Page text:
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russo
Posted on: Sep 10 2014, 05:42 PM


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Instructing at Daytona sure made me think about why I was doing this. The fact that my $1600.00 fee was waived due to me instructing made me realize that no amount of money is really worth risking life and limb. Daytona is a very fast track, advanced drivers in high HP machines, myself included, reach speeds of 177 mph on the final stretch before coming into the infield. Beginner and intermediate drivers approach this section at 140 mph. Daytona, unlike most of the straights at regular tracks, such as VIR, Road Atlanta, and COTA are fairly straight and speeds get to 165 mph. Daytona, on the other hand, you are doing crazy speeds on corners with 28 degrees of angle; hence, if a tire blows, or God forbid, you hit the yellow line on the low part of the track it will shoot you out towards the outer wall. You are in a world of trouble since the concrete wall lines both sides of the track and at some point you will hit both and hit them at high speed. My first student was in a C5 Z06 with only a normal seat belt restraint, this is where I started to rethink that my passion perhaps has gotten the best of me. This fellow was fairly level headed and thus not a too much of a worry that he might overdrive himself; nevertheless, right rear tire blow outs are a concern at this track. At drivers meeting you are instructed to keep an extra 2-3 psi extra in the right rear tire to mitigate this type of occurrence from happening. The second student had a similar type of car but it was a track car, meaning, a full harness and half cage. Nevertheless, although I felt nominally safer with this car it doesn't eliminate the risk entirely. From experience, at my last COTA event, I can tell you a tire can come apart at any given moment. In my case it happened on the front straight, no drama, just a bunch of damage. Conversely, if this type of scenario plays out at Daytona, all bets are off.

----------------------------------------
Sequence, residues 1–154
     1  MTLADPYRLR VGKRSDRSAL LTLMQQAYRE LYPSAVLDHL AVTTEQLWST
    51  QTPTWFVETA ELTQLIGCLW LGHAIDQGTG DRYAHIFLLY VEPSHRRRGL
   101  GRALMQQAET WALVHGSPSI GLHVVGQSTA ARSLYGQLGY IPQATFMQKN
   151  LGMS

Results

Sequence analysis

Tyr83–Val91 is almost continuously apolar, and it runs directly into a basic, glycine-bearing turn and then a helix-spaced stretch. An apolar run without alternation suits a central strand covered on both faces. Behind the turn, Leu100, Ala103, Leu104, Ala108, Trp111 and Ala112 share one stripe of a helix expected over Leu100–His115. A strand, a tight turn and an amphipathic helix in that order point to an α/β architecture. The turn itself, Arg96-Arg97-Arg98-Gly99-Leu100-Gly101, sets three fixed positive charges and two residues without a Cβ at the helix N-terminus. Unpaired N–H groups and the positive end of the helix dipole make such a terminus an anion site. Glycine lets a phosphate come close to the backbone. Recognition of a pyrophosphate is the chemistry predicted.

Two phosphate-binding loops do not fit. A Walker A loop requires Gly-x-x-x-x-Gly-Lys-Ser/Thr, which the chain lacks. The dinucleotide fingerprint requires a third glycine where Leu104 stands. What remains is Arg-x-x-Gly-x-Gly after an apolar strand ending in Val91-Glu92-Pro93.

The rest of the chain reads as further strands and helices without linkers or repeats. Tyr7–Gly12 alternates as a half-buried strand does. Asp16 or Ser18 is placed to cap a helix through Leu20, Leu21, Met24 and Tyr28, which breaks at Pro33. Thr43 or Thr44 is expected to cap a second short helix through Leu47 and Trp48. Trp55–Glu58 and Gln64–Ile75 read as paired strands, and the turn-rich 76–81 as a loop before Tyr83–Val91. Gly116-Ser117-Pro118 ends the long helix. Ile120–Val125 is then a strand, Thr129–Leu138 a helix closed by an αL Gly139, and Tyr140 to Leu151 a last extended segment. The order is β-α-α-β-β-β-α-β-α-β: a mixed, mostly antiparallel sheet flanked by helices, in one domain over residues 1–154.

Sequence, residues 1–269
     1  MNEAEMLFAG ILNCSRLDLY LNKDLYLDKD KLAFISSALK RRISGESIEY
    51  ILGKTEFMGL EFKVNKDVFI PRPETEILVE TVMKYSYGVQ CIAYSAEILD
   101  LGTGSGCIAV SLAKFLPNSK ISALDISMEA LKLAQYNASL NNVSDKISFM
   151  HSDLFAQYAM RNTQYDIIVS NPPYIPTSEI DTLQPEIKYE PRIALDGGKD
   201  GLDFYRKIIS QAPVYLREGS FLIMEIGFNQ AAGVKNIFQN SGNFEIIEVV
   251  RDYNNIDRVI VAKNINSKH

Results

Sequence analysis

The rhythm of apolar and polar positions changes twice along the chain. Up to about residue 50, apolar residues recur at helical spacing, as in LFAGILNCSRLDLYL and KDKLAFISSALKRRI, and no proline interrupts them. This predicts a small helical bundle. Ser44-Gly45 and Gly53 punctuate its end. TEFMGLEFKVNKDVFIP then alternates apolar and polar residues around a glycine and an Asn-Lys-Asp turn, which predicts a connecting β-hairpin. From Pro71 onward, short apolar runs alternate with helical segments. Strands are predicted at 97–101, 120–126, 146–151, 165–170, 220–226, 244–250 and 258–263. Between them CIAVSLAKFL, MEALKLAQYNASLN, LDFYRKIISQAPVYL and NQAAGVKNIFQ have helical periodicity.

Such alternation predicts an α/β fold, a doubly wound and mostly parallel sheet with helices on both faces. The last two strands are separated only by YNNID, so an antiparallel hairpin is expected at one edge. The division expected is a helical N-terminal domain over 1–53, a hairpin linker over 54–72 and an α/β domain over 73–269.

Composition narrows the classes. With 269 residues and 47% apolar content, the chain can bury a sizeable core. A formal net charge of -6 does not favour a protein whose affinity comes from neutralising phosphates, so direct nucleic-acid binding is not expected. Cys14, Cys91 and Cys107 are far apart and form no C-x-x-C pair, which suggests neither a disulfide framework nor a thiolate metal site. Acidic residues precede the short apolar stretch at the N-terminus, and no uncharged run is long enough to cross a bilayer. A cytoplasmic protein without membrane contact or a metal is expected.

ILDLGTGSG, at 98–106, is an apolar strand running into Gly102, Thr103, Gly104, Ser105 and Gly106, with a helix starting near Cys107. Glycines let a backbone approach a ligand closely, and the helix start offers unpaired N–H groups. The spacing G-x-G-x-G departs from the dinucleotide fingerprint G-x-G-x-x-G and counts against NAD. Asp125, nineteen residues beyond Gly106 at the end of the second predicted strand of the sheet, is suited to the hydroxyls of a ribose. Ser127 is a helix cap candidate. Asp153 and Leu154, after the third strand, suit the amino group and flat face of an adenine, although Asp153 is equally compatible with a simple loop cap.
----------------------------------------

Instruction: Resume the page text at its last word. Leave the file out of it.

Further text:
Indeed, Daytona was an awesome experience from a stand point of me driving; however, it was somewhat intimidating being in the passenger seat. Would I do Daytona again as an instructor? You bet, there is a satisfaction in seeing a student make progress and thanking me profusely and telling me how much he enjoyed the experience.

  Forum: General Board · Post Preview: #23931 · Replies: 6 · Views: 4,116

russo
Posted on: Sep 1 2014, 12:15 AM


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QUOTE (Ed99 @ Aug 25 2014, 03:07 PM) *
Tony Stewart ran that kid over on purpose he should fry.